But others say the device raises ethical issues, including many questions about whether it would ever be acceptable to test it on humans.

“There are all kinds of possibilities for stress and pain with not, at the beginning, a whole lot of likelihood for success,” says Dena Davis, a bioethicist at Lehigh University.

Flake says ethical concerns need to be balanced against the risk of death and severe disabilities babies often suffer when they are born very prematurely. A normal pregnancy lasts about 40 weeks. A human device would be designed for those born 23 or 24 weeks into pregnancy.

Only about half of such babies survive and, of those that do, about 90 percent suffer severe complications, such as cerebral palsy, mental retardation, seizures, paralysis, blindness and deafness, Flake says.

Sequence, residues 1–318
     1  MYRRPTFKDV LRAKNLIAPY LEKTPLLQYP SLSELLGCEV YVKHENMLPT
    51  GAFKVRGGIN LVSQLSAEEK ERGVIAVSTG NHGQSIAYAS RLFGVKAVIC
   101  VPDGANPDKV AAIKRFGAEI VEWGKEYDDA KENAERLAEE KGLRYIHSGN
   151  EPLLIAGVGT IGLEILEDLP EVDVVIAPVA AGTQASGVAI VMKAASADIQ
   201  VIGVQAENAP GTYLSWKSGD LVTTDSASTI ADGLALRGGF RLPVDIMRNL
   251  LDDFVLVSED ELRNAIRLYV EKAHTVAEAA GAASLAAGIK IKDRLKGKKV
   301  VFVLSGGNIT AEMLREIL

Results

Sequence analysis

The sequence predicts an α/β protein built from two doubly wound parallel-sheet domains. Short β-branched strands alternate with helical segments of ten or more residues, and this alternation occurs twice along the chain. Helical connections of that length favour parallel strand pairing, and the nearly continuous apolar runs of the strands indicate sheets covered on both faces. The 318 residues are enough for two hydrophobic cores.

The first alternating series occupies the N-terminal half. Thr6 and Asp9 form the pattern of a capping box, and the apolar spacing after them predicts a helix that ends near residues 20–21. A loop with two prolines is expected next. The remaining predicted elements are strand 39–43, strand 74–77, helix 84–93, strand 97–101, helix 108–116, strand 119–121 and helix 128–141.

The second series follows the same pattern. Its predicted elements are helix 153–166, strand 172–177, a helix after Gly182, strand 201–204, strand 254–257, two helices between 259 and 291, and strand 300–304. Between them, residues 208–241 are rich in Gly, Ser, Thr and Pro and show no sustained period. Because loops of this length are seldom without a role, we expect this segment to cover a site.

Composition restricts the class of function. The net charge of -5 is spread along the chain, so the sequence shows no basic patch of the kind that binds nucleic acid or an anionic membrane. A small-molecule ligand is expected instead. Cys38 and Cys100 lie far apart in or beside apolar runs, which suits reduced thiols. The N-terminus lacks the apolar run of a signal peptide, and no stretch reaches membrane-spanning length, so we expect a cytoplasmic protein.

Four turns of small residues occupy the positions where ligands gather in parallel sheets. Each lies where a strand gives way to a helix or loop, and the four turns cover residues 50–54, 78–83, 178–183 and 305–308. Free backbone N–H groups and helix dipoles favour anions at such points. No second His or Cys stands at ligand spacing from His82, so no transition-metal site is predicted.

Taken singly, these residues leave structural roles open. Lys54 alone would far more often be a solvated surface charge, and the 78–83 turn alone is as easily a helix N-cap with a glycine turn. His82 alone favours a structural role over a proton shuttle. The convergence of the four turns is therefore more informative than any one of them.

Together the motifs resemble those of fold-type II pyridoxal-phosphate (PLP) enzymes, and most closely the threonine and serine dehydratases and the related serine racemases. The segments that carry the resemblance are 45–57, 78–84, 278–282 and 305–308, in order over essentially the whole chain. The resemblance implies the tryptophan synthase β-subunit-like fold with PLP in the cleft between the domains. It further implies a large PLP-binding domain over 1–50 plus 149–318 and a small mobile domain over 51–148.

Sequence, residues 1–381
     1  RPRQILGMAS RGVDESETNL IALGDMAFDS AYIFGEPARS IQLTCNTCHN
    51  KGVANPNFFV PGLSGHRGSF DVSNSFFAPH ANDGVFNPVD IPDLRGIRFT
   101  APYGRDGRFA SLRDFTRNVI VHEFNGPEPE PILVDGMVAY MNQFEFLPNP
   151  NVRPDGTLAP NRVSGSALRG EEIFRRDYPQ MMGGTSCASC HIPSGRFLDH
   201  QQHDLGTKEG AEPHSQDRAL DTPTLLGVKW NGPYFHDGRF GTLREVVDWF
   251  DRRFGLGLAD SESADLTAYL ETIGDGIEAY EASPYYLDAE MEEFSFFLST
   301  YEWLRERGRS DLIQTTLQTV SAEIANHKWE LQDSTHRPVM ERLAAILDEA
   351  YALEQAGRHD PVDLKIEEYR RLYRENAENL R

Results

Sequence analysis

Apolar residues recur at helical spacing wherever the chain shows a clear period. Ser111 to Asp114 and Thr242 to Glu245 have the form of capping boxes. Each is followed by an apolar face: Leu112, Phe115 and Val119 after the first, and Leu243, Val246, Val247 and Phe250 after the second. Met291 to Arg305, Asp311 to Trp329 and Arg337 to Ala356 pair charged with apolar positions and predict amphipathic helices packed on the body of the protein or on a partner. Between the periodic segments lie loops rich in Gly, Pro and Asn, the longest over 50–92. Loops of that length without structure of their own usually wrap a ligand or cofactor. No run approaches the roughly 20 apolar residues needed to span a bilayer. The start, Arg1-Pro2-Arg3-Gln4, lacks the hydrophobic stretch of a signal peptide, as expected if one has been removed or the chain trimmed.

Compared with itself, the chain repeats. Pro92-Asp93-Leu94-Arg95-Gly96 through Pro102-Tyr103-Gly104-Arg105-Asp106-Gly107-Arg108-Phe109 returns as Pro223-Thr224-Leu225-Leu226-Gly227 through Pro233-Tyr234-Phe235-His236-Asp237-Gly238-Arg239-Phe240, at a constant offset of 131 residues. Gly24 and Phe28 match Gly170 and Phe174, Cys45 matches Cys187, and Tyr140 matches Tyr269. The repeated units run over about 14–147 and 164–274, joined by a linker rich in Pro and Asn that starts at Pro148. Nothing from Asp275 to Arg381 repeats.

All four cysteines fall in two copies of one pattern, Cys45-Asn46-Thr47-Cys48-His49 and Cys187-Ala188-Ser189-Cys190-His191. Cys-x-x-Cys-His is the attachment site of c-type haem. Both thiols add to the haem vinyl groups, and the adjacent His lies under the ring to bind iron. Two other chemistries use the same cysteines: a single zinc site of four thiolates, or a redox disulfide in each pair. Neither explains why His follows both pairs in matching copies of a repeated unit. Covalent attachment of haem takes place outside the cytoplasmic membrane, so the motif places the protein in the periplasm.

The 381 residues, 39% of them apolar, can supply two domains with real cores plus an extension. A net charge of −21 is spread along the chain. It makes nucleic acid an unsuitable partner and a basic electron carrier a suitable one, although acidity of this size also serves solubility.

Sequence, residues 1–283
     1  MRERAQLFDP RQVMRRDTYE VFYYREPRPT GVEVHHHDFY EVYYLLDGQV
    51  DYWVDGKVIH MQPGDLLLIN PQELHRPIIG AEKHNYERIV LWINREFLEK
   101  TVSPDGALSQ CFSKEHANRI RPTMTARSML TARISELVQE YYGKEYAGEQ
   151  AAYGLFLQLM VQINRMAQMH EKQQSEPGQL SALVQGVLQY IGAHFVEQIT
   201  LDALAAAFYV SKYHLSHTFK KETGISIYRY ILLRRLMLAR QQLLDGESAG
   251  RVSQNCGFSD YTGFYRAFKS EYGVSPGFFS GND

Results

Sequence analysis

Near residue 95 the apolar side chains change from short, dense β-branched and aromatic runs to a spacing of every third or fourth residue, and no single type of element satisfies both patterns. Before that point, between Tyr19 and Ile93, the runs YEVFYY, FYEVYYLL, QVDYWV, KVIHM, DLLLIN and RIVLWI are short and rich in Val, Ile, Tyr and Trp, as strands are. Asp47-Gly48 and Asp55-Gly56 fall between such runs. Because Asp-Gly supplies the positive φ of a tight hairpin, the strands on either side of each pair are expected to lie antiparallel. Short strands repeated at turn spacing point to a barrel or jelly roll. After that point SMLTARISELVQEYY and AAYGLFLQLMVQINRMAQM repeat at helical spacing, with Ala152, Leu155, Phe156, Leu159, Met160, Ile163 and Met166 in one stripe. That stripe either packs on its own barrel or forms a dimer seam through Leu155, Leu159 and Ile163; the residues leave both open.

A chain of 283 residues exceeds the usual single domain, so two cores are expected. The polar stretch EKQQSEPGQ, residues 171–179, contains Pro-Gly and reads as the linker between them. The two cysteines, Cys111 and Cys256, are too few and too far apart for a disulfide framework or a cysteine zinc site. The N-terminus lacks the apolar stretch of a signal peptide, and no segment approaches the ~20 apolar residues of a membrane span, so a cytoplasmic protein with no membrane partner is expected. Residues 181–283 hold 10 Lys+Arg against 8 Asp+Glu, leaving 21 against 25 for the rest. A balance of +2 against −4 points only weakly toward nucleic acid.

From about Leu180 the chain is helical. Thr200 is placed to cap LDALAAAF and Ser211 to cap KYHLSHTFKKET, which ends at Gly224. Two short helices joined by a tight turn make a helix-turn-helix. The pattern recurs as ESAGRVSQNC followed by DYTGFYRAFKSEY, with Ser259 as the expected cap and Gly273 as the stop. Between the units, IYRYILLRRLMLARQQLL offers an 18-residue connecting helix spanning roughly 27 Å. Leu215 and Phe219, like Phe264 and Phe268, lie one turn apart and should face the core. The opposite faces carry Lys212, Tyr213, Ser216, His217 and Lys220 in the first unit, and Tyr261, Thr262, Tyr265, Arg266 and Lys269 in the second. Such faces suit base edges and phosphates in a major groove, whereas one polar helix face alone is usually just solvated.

About 30,000 babies are born earlier than 26 weeks into pregnancy each year in the United States, according to the researchers.

Potential ethical concerns

Davis worries that the device is not necessarily a good solution for human fetuses.

“If it’s a difference between a baby dying rather peacefully and a baby dying under conditions of great stress and discomfort then, no, I don’t think it’s better,” Davis says.

“If it’s a question of a baby dying versus a baby being born who then needs to live its entire life in an institution, then I don’t think that’s better. Some parents might think that’s better, but many would not,” she says.

And even if it works, Davis also worries about whether this could blur the line between a fetus and a baby.

“Up to now, we’ve been either born or not born. This would be halfway born, or something like that. Think about that in terms of our abortion politics,” she says.